On Monday we reported that Fiona
, the large, vicious Italian mastiff featured in our recent cover story "Service with a Snarl
" had been seized by Animal Control following accusations it attacked yet another San Franciscan.
Sergeant Bill Herndon is the police officer who adjudicates the city's "Vicious and Dangerous Dog Court." He told us that Fiona, who came very close to being destroyed during her last hearing involving multiple attacks, has gotten a temporary reprieve. The law requires owners to sign a document allowing less than two weeks notice before a dog court hearing. Herndon said that Fiona's owner, Heather Morris -- who told SF Weekly
she was intent on declaring the dog a service animal -- promised that she would come in on Wednesday to sign such papers, but did not. As a result, the hearing , which in all likelihood will determine whether Fiona lives or dies, has been rescheduled from today to July 16.
Herndon told SF Weekly
he never makes up his mind before a hearing. But he also said that because Fiona has repeatedly bitten and attacked humans and Morris has just as persistently failed to abide by orders to muzzle the dog in public, he just can't imagine any plausible way he won't be forced to euthanize Fiona -- "and I just hate it."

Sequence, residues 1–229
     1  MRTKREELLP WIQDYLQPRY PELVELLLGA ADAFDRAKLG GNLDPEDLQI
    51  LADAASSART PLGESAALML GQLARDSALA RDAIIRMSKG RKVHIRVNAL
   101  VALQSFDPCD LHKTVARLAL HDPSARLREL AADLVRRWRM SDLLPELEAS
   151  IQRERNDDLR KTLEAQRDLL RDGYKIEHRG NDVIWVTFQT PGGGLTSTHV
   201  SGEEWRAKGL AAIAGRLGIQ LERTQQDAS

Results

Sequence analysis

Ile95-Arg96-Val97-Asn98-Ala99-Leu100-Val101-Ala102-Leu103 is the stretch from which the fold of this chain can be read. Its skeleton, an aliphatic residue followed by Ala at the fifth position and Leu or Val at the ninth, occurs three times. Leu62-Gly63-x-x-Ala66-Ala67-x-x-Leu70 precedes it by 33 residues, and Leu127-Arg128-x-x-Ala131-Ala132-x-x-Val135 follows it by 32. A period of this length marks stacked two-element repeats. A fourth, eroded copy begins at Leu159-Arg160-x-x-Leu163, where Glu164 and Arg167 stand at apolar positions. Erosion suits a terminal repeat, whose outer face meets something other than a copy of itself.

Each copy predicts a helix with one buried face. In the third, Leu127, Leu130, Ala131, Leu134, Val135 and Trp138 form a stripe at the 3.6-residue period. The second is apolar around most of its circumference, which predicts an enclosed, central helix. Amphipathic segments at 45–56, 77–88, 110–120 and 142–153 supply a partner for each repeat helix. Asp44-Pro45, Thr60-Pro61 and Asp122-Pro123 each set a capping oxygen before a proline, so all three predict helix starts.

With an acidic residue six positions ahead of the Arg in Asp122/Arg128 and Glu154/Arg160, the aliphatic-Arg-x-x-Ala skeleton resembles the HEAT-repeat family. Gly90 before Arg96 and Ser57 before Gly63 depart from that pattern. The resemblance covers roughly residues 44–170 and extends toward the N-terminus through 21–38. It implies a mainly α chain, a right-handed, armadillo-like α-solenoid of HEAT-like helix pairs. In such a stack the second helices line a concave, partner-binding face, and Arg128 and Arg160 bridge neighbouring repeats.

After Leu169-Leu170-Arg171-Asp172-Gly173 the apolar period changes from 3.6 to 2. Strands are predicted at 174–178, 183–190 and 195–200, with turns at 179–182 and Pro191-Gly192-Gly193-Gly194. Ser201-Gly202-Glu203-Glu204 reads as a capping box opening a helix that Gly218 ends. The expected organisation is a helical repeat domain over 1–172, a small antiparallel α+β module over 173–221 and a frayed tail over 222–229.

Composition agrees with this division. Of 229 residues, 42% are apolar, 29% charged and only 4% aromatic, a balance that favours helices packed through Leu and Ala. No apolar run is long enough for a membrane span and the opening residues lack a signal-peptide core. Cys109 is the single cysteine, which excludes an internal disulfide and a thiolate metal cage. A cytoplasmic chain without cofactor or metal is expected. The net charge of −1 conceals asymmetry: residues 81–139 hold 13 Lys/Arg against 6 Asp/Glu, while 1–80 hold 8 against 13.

Herndon told us that he is allowed, by law, to take dogs away from people instead of euthanizing them -- but he was skeptical that a dog like Fiona could possibly be adopted out. And while Morris brought up the possibility of having the dog removed to a remote farm at Fiona's last trial, in April, Herndon wasn't keen on that idea either. To essentially banish a dangerous dog from San Francisco is to make it somebody else's problem -- and, quite possibly, doom some out-of-towner to a dog attack.
Barring some unusual circumstance -- such as someone stealing the dog and taking it out without Morris' knowledge -- Herndon just can't see any way he won't have to order Fiona's destruction. What's more, he said he's inclined to order Morris not to own any dogs for the next three years.
This latter decree is all the more relevant as Herndon has heard reports of Morris walking a Rottweiler puppy around Bernal Heights.
"Lots of times people figure a [vicious dog in custody] is a lost cause and go out and get another," he says. "Unless she presents something really dramatic, I have no choice but to euthanize [Fiona]. We've given her enough rope, and she's hung herself multiple times."